« It was a really inspiring moment at a time of transformation for Danone, » said a highly enthusiastic Lucas Urbano, Nature Manager for Danone group.
In Paris on 6 and 7 October, the situation – if not serious – was certainly decisive: the community created five months earlier with help from CommonsSense were eager to move the projects they had worked on (and put figures to) from the theoretical to the possible.
To move the projects from the theoretical to the possible.
After a plenary session assessing the Climate Change Challenge initiated before the summer, the participants divided up into five workshops in the afternoon. « Everyone used the challenge resolution format developed by MakeSense: the ‘Hold up’. This approach pinpoints the main hitch preventing a project from developing further, and mobilizes people to resolve the problem together. So during the Hackathon, each group spent three hours grappling with the problems identified for each of the five projects selected, in view of speeding them up, » says Arnaud Le Beschu de Champasavin, project leader with CommonsSense.
Everyone used the challenge resolution format developed by MakeSense: the ‘Hold up’.
After feedbacks on the workshops at the end of the day, the next day mobilized the participants again around the team of NOD-A, a fablab that helped them to prototype the projects. They were then able to produce a concrete product, and see the possible problems that had previously been hard to pinpoint. Once the prototypes were completed, the projects were presented in the form of a marketplace, where each group described what they had done; This provided material for the evening’s vote, when three projects were acclaimed by the jury, the public and the accompanying teams of CommonsSense and NOD-A.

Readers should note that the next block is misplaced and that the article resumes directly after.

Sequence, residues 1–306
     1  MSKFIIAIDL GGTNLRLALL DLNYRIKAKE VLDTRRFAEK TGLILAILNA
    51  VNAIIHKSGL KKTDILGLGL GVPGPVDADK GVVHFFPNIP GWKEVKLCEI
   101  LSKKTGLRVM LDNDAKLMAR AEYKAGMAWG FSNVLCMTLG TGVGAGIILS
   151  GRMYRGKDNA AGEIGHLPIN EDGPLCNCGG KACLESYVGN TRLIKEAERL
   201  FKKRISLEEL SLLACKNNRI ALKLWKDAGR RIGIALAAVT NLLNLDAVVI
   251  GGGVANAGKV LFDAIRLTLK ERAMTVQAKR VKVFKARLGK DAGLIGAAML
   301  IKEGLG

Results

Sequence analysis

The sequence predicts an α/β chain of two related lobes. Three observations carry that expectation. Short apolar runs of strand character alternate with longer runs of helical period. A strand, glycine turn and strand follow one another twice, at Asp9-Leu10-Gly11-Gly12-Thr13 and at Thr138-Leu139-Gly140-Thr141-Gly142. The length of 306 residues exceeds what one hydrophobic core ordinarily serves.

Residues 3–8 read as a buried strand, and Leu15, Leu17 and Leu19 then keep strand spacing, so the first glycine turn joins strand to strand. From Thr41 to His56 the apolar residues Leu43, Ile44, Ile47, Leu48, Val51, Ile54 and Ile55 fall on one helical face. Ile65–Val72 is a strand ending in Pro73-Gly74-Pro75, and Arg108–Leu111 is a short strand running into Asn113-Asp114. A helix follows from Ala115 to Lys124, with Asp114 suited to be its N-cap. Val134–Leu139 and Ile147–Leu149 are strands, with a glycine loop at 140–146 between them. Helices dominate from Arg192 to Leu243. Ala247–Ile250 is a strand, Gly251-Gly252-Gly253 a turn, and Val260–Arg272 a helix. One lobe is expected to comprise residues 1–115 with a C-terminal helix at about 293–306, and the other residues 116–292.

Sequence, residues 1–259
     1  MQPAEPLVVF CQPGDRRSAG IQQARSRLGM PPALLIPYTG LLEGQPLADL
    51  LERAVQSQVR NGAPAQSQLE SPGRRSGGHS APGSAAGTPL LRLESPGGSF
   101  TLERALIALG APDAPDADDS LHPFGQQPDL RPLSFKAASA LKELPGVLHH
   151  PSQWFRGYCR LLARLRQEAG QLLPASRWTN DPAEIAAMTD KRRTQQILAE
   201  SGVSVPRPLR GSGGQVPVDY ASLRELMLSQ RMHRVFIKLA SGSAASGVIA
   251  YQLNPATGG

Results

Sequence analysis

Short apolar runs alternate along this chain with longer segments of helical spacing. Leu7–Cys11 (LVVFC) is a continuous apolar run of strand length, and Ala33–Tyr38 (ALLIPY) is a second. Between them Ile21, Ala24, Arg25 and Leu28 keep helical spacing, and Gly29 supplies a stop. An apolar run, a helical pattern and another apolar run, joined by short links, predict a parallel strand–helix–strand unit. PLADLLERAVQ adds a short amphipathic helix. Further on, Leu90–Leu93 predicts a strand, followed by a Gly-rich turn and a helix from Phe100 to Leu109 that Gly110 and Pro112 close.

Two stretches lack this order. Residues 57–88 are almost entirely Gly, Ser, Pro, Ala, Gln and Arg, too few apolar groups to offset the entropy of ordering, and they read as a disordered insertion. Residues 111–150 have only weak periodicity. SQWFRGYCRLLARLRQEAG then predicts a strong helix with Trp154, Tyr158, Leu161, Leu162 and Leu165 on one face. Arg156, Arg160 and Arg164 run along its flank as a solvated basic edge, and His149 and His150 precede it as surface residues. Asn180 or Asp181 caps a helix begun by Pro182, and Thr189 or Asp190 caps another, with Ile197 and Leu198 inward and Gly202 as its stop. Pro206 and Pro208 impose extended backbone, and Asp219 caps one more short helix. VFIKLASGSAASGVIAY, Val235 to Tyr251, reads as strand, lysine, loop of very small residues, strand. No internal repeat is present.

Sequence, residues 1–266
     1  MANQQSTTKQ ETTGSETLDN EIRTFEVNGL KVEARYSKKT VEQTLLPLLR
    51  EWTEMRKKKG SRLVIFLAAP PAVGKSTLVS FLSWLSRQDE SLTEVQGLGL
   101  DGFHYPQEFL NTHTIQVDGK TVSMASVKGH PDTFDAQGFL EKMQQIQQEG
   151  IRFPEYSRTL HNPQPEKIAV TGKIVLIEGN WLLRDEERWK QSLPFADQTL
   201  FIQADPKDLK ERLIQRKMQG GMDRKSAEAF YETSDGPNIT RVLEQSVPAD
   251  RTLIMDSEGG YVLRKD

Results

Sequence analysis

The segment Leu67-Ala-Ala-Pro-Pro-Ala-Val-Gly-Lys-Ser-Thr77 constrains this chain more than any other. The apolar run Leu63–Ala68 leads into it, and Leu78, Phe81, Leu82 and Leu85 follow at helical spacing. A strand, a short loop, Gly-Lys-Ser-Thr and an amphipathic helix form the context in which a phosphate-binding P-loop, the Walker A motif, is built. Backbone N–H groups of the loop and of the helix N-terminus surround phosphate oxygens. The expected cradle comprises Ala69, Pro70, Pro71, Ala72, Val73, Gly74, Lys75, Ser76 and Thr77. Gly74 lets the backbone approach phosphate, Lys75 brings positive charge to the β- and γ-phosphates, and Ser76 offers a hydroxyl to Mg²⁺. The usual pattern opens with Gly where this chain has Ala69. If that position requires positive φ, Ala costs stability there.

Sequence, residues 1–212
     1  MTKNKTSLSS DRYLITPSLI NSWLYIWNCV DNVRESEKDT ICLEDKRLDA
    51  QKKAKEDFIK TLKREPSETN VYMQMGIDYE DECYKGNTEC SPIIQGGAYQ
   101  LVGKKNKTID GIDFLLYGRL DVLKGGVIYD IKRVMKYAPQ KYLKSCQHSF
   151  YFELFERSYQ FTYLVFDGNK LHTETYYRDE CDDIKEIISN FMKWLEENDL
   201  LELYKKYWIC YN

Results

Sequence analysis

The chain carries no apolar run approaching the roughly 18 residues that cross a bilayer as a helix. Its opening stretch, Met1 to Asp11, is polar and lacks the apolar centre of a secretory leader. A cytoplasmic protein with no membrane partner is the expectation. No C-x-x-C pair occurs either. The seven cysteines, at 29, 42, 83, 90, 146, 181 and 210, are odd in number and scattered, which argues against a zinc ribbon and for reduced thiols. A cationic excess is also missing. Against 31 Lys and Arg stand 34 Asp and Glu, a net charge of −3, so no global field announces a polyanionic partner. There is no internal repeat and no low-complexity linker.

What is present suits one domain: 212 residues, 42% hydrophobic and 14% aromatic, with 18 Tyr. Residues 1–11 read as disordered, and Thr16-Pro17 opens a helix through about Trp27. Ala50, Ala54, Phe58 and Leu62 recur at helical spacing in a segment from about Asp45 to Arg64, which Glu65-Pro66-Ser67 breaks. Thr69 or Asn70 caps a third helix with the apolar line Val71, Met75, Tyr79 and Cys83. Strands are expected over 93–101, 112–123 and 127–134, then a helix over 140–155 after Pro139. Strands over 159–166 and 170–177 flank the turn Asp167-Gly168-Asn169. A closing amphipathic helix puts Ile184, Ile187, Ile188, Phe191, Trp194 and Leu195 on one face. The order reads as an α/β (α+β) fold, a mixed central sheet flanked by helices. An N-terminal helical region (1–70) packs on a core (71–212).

Collective enthusiasm; effective solutions?
« It was really groundbreaking and encouraging to see all the possibilities there are for reducing the impact of our packaging, such as the use of new materials, or very simply paper, » says Lucas Urbano. « Though I hope that there will not just be five projects in the end, but many more, which we can roll out in several factories and countries, even if it means adapting them to the context. »
It only really works when people start looking at the future together. Arnaud Le Beschu de Champsavin
But for him, as for CommonsSense, without yet knowing which projects will finally be implemented in a few months’ time, half the job has already been accomplished, because a community is working with the same mental approach. « Unfortunately, it’s not enough to send out an email asking if anyone has any ideas for reducing the carbon impact. It only really works when people start looking at the future together. And the day after the Hackathon, you could see the participants already talking about what they could do next. These projects are more tangible, so people can imagine being involved in them, which provides motivation for improving them further and then convincing decision-makers to put them into practice, » says Arnaud Le Beschu de Champsavin.
And even if the battle is not yet won and this collective enthusiasm will need to be kept alive and alert, Lucas Urbano thinks that « the projects were not what mattered most in this Hackathon; our chief asset is the spirit of transformation we now share. »